Preston thugs transported after robbing man of cash

Local historian Keith Johnson looks back at a brutal robbery from yesteryear...

By Henry Widdas, Communities Content Page Manager
Wednesday, 25th March 2020, 10:45 am
Updated Monday, 30th March 2020, 12:05 pm
Parkinson passed on stolen money in the Barley Mow Inn on New Hall Lane
Parkinson passed on stolen money in the Barley Mow Inn on New Hall Lane

On the third Thursday of May 1847 Joseph Hull was at 11 o’clock at night making his way to Garstang on the turnpike road and was close to the New Lane Bridge in Claughton when he saw two men coming towards him.

One of them threw him upon the ground and while laying on his back he took coppers from his waistcoat pocket, his watch from its fob and his purse from his breeches. His attacker then spoke to him aggressively with Hull begging the pair not to hurt him, telling them there were enough sovereigns in the purse to satisfy them. Having pocketed the loot the pair left the distraught victim and set off towards Preston.

The incident was reported to the Lancashire County Constabulary, established in 1839, and their investigations led to the appearance of Robert Charnley, aged 28, and Joseph Parkinson, aged 23, before the county magistrates at Preston Town Hall accused of stealing a silver watch and over £8 in cash.

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Mr. Hull being sworn, related details of the incident and identified Parkinson as his attacker with Charnley standing by throughout. The place where Hull was robbed was about a mile from the Brockholes Arms in Claughton and John Helm, son of the landlord, told the court the two men had been in the inn that night leaving shortly before 11 o’clock.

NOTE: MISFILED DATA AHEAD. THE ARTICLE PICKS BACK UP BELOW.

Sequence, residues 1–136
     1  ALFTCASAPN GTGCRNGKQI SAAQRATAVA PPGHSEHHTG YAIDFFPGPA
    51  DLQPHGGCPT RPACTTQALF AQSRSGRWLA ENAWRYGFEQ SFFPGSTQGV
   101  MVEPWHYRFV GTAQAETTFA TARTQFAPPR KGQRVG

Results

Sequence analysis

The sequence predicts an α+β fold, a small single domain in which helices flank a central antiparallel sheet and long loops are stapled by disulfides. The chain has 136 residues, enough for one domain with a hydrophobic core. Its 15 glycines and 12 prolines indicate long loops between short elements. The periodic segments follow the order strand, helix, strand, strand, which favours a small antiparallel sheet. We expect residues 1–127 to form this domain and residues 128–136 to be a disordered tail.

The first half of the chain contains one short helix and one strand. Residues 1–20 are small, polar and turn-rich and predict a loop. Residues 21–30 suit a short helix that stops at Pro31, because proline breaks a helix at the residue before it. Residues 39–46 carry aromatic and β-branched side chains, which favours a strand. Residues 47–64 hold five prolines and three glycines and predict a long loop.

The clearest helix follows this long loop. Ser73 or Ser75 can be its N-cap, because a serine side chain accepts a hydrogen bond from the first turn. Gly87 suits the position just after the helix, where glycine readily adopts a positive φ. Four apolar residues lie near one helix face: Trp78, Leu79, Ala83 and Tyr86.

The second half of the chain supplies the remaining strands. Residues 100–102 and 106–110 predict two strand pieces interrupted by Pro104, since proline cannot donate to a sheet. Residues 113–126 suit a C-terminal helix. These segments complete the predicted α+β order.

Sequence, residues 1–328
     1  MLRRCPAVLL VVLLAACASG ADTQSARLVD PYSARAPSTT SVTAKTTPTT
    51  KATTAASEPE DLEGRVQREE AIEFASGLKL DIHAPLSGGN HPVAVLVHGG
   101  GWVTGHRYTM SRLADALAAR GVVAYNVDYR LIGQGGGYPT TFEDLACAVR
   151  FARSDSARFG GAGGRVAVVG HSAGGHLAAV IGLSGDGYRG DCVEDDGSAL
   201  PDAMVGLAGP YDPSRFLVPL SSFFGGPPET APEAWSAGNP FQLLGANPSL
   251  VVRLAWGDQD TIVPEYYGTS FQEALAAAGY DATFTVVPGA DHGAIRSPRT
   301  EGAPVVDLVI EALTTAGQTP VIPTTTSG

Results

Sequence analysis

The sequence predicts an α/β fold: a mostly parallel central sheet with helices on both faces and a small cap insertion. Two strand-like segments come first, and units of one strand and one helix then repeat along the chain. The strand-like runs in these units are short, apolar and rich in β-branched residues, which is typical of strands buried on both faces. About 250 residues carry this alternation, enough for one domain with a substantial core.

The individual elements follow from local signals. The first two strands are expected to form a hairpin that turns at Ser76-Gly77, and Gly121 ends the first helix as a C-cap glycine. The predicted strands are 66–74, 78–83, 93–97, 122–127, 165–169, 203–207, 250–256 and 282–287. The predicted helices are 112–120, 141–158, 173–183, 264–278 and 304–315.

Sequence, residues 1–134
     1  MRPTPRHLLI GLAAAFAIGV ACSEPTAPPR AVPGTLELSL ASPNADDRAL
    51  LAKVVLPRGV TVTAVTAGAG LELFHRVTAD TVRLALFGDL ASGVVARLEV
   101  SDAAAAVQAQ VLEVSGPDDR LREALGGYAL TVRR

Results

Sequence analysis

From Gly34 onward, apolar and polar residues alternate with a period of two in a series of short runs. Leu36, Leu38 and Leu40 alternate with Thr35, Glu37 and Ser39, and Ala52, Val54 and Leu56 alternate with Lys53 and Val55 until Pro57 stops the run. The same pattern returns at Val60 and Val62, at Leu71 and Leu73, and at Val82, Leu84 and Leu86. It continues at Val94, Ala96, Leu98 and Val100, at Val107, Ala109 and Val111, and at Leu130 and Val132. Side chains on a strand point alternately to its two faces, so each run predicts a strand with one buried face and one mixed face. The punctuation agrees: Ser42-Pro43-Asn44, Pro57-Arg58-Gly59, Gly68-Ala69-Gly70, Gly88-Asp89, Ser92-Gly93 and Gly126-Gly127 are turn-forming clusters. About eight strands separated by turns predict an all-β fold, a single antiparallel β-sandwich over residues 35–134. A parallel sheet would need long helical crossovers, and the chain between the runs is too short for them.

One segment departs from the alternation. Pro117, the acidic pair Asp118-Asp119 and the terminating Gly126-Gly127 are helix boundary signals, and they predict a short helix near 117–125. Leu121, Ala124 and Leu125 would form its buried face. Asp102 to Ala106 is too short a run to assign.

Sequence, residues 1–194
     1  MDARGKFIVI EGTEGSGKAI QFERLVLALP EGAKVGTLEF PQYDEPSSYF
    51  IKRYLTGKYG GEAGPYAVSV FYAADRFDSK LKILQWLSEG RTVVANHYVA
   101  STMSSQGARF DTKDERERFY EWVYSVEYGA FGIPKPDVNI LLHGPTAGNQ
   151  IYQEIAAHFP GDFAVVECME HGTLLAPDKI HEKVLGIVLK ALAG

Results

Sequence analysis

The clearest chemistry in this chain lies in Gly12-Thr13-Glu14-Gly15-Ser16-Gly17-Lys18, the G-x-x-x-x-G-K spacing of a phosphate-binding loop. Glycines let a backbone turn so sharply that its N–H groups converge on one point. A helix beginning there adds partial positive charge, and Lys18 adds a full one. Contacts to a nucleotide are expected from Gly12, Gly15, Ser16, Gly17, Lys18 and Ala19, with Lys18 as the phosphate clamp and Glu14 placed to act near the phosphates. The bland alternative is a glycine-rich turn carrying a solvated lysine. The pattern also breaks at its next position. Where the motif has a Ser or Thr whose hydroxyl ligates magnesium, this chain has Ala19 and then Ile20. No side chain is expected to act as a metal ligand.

Police investigations had led to the apprehension of Parkinson on the following Saturday morning at Pottery Hill off Friargate in Preston. According to a deposition by John Swarbrick, brother in law to Parkinson, the accused had told him that the watch was hidden near to the Tulketh railway viaduct.

P.C. William Spencer told the court he had apprehended Charnley in Preston and he had admitted being with Parkinson on the night of the robbery, but claimed he knew nothing of any crime.

Although later he was to lay the blame on Parkinson, stating he had never touched the victim.

When quizzed about the whereabouts of the watch he agreed to go with the constable to the Tulketh Viaduct and he pointed out where it was concealed.

Supt. Carswell then testified as to his dealings with Parkinson who claimed that Charnley had got hold of the man, and after a scuffle took the money, giving him some sovereigns and loose change.

Agnes Moss then told the court that she had been with Parkinson at the Barley Mow public house the following day, and that he had given her £3 to get some clothes out of pawn and to buy a new bonnet.

Parkinson telling her that now they had some money they could go off together.

Both the prisoners declined to say anything and they were committed for trial at the Preston Sessions the following week.

After hearing the evidence the jury delivered a guilty verdict for both prisoners.

The chairman Mr. T.B. Addison praised the county police for their investigation work and taking a dim view of robbery on the highway informed both men they would be transported, Charnley being sent away for seven years and Parkinson for 15 years.

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